I’ve always said that the only job I would return to England for is the national team job or when futsal is being taken seriously by a club. At the time when Tranmere called, there were so many positives and England seemed to be going in the right direction. The Super League was the best season of club futsal in England that I can remember, we had created a futsal section that fully supported football, without being just a development tool, (Much like the plans Ronaldo has to use futsal at Real Valladolid) and the national team were on a good run. Now it seems like a million miles away that England might have an opportunity for me. That’s okay though, I’m really happy in Malaysia at the moment and it also justifies my decisions to leave England on both occasions, looking back. I may never have had the opportunity, especially when one of the current decision makers, a coach I looked up to as a budding 21-year-old coach myself, once threatened to “ruin my futsal career”. But to have this taken away now removes all doubt!

In action before the first Malaysian Pro League match in March 2020

Save futsal – reverse the decision

The immediate aim for English futsal is to try to get the decision made by The FA looked at. Futsal in England won’t stop, indeed it might eventually thrive, but it’s certainly taken a hit, especially as the community was growing and getting behind the FA’s six-year strategy – what for? One of the biggest selling points for futsal was the opportunity to play for your country and now a huge carrot has been taken away from parts of the futsal family.

Futsal family

England needs to join together now more than ever for futsal and from what I have seen since the announcement, it is happening. For years futsal has suffered because of divisions in which way to go. Most recently when the National Futsal Series broke away from the National Futsal League and created two separate leagues, highlighting this divide. The core of the community won’t go away and futsal will stay as part of the football development landscape – the reason we’re in this mess by the way, because futsal hasn’t “succeeded” in producing the next Messi. The futsal family will rally round and either the FA will be forced to review their decisions, or futsal will go solo, by and for futsal people. Just looking at the below graphic and those 17,600 players says that futsal has a future. Just a tenner affiliation fee per year for everyone who plays futsal (which I’m sure the FA collect), will go a long way to funding the sport, not even mentioning UEFA funding and the huge sponsorship from Pokemon, which was for futsal. Right? If a futsal organisation could manage its own affairs, without the FA putting in money, or taking it away, then futsal will be where it deserves to be, no further ahead, no further behind.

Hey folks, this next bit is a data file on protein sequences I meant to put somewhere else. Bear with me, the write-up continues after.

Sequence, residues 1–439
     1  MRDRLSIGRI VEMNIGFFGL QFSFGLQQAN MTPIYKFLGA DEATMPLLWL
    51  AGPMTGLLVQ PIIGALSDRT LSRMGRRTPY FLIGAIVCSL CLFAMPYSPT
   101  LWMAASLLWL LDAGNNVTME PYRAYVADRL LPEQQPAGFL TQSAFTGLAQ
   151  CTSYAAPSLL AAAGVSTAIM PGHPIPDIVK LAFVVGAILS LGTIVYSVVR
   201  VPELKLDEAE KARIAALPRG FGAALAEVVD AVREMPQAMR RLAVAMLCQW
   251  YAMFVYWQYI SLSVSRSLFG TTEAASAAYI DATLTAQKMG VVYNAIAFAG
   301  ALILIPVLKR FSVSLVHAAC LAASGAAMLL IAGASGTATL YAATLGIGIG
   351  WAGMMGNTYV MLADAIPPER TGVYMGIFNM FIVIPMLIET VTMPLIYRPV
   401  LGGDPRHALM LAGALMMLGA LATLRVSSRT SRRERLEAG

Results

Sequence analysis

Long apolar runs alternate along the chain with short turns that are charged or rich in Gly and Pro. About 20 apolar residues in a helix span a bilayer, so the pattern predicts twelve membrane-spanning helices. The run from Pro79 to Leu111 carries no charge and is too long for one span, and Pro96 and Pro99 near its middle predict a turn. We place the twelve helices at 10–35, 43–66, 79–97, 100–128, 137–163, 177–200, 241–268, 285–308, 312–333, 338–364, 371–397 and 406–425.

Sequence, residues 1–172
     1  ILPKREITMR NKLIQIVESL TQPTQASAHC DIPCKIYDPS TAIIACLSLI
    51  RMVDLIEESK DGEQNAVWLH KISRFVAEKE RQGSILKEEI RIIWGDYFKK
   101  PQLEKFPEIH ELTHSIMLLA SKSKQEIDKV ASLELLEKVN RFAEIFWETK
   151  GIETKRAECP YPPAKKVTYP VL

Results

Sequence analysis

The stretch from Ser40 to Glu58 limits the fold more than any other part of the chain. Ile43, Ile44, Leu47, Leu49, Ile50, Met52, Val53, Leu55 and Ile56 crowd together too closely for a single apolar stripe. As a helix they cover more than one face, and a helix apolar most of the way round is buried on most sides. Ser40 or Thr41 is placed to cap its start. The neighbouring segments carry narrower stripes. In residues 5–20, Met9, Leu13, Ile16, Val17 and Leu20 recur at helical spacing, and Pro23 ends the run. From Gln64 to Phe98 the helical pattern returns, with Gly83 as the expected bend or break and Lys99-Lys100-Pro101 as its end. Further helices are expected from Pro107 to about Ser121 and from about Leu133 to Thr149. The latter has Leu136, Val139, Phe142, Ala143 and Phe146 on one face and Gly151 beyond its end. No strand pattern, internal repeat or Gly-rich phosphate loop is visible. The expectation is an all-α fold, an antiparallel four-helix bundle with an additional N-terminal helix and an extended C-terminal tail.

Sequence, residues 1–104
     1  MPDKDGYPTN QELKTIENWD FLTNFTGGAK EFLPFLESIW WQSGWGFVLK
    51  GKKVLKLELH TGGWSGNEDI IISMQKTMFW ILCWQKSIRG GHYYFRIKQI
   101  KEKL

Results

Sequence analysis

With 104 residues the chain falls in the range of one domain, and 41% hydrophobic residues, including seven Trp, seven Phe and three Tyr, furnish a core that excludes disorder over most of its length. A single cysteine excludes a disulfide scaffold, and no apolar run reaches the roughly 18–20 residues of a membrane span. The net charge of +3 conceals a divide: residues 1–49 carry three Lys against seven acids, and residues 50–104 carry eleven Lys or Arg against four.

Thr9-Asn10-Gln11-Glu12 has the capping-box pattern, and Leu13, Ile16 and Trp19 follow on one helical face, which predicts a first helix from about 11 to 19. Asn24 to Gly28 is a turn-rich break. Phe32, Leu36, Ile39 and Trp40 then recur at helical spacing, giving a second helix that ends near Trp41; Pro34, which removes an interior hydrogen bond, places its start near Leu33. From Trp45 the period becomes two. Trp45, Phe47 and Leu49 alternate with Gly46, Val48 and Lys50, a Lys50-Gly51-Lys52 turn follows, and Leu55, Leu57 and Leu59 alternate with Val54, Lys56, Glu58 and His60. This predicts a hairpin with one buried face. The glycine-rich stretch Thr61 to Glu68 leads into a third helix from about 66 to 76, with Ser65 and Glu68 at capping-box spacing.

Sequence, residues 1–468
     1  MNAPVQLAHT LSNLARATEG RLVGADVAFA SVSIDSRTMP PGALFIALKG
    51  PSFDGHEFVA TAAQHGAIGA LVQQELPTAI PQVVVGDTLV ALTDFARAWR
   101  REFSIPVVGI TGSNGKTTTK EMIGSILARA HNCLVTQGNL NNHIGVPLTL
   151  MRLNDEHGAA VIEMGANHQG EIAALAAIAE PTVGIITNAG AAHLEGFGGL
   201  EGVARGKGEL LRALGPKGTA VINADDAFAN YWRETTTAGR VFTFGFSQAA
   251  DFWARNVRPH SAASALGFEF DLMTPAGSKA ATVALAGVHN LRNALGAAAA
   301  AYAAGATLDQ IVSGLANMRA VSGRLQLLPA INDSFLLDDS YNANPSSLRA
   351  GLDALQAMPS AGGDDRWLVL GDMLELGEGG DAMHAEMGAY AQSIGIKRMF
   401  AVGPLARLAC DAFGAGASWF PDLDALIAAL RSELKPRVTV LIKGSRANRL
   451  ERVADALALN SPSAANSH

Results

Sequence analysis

Fast forward with futsal…

Bad decision

I’ve not seen anyone commend this move by The FA, especially when it represents a mere 0.3% of the overall budget – what are they actually gaining? It’s an attack on futsal by people who couldn’t care less. The world has reacted, mainstream media has covered this and The FA remain silent. Meanwhile, one of the men behind this decision has announced his decision to step down. Talk about leaving a legacy…

We’ll be okay

Anyway, I know that futsal will be okay. It’s a sport, ultimately in the hands of football powers such as FIFA, UEFA and local federations, and in the most part, futsal is being done justice. You just have to look at Spain (€8,000,000 investment recently announced), France and Germany (both started after England and looking much further ahead) and as I’m here, I’ll mention Malaysia too, with a full professional league, sponsors and TV coverage.

For now, English futsal players and coaches will have to look abroad (let’s forget Brexit for a moment!!) for professional opportunities, or within their communities to keep the growth and keep the dream alive for the kids who play.

You make your own luck and I am sure those who still have dreams in futsal won’t give up. As for me, I’ll keep working hard on becoming the best coach and one day, maybe I’ll get to compete in a World Cup, with or without England!